“The Federal Reserve plans to narrow the number of foreign banks that will have to consolidate their U.S. operations and hold more capital.”
“The central bank will raise the threshold to $50 billion of assets in the U.S. from $10 billion proposed in 2012 for firms that must have local holding companies, according to three people with knowledge of the decision. The change means about one-third of the two dozen companies originally affected won’t have to comply with harsher capital standards. A final version of the new rules governing foreign lenders is scheduled to be approved by the Fed next week and go into effect next year.”
“The revised holding-company requirement covers 17 lenders with headquarters outside the U.S., said one of the people, who asked not to be identified because the decision hasn’t been announced. The standard, which has been criticized by European regulators and banks, was designed to prevent a repeat of what happened during the 2008 crisis when the Fed provided $538 billion of emergency loans to U.S. units of European banks.”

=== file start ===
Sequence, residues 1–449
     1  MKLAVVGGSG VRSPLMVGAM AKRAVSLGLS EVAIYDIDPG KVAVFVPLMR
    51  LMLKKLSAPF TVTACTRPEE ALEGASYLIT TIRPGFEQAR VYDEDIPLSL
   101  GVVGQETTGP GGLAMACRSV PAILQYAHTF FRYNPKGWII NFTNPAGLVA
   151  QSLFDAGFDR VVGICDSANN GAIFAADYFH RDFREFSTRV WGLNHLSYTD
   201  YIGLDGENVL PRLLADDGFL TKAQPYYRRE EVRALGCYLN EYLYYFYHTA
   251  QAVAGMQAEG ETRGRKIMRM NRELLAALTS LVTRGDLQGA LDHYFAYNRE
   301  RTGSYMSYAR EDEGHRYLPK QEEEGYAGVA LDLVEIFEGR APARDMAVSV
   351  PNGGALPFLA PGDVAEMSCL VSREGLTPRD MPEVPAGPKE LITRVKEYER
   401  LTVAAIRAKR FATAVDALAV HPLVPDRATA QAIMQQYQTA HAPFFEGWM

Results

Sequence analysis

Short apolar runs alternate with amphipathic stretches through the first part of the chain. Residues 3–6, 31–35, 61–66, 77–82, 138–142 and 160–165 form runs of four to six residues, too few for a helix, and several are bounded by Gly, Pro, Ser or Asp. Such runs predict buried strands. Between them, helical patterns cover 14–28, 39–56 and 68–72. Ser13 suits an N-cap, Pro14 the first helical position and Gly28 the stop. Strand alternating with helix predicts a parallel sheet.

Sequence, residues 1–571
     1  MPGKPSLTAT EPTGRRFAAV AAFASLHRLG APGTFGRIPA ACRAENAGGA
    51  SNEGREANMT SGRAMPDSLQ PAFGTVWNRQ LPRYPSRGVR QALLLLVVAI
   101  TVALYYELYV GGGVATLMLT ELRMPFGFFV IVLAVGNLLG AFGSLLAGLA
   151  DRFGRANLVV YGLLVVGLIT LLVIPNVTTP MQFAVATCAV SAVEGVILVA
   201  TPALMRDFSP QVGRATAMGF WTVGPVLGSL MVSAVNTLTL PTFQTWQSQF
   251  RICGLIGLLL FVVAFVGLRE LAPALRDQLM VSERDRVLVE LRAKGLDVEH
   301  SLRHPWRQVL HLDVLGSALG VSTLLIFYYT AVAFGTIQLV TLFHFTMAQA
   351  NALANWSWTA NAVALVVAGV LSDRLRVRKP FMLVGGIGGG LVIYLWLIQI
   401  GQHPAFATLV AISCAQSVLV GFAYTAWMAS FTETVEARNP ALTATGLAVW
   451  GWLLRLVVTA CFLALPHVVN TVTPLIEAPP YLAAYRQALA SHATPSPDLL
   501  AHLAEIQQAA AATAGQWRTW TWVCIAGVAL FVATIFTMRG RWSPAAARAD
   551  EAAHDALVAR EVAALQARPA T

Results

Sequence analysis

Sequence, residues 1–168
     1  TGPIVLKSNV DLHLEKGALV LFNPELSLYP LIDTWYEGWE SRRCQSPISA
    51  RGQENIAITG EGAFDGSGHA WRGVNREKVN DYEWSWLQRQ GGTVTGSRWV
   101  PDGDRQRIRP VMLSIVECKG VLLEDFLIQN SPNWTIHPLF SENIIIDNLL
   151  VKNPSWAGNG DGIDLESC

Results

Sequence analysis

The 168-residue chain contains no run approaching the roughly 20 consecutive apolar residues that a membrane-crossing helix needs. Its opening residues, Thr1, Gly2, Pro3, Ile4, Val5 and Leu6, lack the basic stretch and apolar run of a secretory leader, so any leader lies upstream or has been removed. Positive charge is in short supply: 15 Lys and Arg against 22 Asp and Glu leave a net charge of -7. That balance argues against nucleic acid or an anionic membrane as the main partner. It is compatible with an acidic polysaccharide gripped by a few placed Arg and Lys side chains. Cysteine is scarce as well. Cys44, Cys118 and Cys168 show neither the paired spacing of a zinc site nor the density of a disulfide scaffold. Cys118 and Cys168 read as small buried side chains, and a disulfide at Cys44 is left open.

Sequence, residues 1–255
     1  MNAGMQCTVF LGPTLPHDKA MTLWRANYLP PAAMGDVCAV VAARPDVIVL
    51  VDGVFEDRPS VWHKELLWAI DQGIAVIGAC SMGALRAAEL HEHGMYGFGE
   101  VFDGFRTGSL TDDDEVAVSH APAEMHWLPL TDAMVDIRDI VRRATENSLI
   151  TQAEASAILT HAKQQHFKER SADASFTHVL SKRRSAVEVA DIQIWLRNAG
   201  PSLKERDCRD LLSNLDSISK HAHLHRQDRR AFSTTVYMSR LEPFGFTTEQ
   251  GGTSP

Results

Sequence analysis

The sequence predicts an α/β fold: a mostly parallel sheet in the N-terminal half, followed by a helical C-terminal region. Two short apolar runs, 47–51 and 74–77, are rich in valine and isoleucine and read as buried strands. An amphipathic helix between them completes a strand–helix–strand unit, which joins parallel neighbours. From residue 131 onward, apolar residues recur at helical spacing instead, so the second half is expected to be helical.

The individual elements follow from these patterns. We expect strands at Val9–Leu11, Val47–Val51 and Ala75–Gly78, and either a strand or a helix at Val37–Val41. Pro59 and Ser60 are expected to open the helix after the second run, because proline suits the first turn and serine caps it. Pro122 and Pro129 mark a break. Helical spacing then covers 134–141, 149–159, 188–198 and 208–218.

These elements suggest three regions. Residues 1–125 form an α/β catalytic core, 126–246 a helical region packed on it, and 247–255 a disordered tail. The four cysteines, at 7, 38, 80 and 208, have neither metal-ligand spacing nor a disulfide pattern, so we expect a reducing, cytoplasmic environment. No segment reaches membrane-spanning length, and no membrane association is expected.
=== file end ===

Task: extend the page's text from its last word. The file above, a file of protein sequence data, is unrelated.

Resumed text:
“‘The holding company ring-fence provides crucial safeguards for the U.S. regulators,” said Deborah Bailey, a managing director of Deloitte LLP’s banking and securities regulatory practice in New York and a former deputy director of the Fed’s bank-supervision unit. “On the other hand, it will pose challenges for the foreign banks, many of whom have to set up these new structures and shift capital to the U.S.’”
Read full Washington Post article here.